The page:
Can web searches help the FDA monitor drug safety?

Momentum is building behind the idea of using internet search engines to feed information to the US FDA on adverse events linked to drugs and medical devices.

According to a Bloomberg report, the FDA held a conference call last month with Google to explore the concept and had also been in discussion with Microsoft about a similar approach using its Bing search engine.

The FDA wants to explore whether by ‘data mining’ search engine queries can be used to provide an early warning of an emerging toxicity problem. A similar idea is being explored in a European initiative looking at smartphones, apps and social media.

At the moment, the agency tracks side effects through a combination of voluntary and mandatory reporting channels which all feed into its FDA Adverse Event Reporting System (FAERS). In a nutshell, use of the system is a requirement for biopharma manufacturers and optional for doctors and patients.

The FDA staffer on the call – Evgeniy Gabrilovich – is one of a pair of authors alongside Elad Yom-Tov who published a research paper in 2013 in the Journal of Medical Internet Research which described a continuous monitoring approach to post-marketing drug surveillance based on the Yahoo search engine.

“Existing mechanisms for post-market drug surveillance work well in many cases, but failures resulting in harm to patients and even fatalities are widely documented,” they report in the paper, which concluded that adverse event reports (AERs) found in this way could be tested in phase IV clinical trials.

Two other FDA researchers – Sirarat Sarntivijai (now at EMBL-EBI) and Darrell Abernethy – reported in a comment submitted to the journal Clinical Pharmacology & Therapeutics last year how web searches could provide invaluable intelligence about side effects, although they noted that the methodology that should be used “is not well characterised, and the utility of such analyses is not well defined.”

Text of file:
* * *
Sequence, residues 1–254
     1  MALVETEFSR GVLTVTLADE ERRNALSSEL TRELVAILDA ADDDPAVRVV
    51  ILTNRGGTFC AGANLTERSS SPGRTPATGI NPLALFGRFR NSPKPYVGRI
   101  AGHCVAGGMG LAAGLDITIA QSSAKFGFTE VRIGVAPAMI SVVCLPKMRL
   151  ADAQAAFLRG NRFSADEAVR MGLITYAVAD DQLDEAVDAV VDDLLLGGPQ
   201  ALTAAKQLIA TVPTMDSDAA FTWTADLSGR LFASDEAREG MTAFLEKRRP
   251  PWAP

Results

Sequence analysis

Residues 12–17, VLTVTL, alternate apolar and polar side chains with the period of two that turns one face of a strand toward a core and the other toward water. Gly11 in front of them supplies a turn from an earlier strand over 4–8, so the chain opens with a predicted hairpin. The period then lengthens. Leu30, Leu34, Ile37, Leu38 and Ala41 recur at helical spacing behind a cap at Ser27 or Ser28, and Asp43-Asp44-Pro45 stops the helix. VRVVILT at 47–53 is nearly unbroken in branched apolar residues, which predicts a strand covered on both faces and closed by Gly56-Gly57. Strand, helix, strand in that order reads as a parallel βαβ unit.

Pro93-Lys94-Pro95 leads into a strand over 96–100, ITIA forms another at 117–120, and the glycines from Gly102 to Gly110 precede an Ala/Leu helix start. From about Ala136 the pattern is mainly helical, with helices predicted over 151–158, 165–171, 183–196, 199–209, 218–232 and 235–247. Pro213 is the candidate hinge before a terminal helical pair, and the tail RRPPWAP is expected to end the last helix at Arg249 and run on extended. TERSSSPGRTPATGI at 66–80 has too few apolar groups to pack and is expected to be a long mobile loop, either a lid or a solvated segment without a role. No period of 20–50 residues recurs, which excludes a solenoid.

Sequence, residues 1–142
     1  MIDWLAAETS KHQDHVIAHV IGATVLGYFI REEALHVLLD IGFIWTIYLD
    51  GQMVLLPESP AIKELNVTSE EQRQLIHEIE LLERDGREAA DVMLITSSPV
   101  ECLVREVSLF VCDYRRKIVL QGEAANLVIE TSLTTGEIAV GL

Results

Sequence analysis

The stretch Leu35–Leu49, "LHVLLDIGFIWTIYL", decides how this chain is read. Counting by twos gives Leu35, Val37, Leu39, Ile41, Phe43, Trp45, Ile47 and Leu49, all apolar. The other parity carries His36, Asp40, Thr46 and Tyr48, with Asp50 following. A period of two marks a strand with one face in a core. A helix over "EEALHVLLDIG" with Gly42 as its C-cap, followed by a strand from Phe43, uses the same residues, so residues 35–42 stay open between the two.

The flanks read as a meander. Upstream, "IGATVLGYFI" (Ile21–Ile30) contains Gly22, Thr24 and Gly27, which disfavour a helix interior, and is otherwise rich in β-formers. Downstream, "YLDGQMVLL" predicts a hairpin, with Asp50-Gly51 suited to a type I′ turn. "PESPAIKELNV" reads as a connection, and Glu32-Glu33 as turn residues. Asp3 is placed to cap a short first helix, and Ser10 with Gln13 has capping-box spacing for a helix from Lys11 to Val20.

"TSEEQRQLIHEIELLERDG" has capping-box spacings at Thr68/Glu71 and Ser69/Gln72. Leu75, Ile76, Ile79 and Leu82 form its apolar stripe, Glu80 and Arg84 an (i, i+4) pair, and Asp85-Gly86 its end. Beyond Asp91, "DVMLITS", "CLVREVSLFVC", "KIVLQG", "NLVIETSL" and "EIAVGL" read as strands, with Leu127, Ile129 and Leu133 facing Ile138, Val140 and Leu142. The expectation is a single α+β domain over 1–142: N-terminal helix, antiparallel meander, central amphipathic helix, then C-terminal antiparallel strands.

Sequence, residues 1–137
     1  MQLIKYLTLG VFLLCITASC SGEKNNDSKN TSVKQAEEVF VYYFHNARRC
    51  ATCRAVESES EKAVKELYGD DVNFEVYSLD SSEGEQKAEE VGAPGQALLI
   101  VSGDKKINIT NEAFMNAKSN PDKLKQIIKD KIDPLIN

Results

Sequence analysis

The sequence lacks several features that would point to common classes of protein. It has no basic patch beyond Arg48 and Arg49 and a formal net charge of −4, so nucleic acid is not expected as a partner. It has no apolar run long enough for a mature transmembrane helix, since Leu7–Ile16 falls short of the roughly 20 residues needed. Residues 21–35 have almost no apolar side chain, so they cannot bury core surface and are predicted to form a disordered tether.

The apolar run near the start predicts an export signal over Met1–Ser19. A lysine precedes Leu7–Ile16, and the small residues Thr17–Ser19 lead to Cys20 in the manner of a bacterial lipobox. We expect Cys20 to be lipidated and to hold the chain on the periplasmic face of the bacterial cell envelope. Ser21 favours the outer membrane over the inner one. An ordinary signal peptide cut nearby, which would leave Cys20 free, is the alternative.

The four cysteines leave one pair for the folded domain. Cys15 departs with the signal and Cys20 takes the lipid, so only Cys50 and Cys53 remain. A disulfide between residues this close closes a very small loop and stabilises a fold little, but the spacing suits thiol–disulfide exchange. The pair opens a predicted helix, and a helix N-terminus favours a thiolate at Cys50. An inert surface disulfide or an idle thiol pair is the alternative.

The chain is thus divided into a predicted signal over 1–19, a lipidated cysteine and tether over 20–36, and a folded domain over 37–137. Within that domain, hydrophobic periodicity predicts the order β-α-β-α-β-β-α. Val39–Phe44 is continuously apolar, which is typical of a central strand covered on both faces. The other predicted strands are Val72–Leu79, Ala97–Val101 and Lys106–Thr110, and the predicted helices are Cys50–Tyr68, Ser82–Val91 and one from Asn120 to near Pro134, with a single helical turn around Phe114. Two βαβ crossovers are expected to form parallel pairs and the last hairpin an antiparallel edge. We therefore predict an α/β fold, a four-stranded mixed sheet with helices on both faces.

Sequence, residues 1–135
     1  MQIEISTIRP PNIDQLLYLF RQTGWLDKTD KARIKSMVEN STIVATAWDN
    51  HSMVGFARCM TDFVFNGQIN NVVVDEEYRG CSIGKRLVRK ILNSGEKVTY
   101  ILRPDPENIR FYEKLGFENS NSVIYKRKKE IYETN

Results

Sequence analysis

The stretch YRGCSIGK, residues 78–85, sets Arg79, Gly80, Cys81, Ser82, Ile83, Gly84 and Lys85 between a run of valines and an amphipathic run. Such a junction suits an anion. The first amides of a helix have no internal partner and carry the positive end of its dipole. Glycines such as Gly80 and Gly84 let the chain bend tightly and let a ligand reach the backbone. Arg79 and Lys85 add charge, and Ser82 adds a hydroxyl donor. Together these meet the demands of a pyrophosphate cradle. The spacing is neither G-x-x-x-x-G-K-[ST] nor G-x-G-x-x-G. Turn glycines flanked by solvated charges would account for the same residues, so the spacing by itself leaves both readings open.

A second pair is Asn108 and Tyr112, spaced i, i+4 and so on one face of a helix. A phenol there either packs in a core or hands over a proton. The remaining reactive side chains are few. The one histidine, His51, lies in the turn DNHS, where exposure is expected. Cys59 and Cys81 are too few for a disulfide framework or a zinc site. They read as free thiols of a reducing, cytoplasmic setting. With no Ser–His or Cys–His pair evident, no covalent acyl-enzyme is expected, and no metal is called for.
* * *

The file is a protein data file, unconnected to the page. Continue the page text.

The FDA has already started to embrace technologies to help it cast the net wider for adverse event monitoring – for example its MedWatcher mobile app lets anyone with a smartphone or tablet to report side effects with medical devices and also upload images that can be used to identify visible problems such as breakage or corrosion.

Use of a data mining approach would however mark a significant departure from its current approach and is a renaissance – and extension – of a plan first proposed by the agency in 2013 but dropped later that year because of a lack of funding.

Last year, the agency resurrected the idea of mining peer-review literature reports for AERs but once again shelved the plan, saying it would be re-advertised at a later date.

The agency is not commenting on its search engine plans at the moment, reports Bloomberg, and described the conference call as a “preliminary introduction” to the concept.

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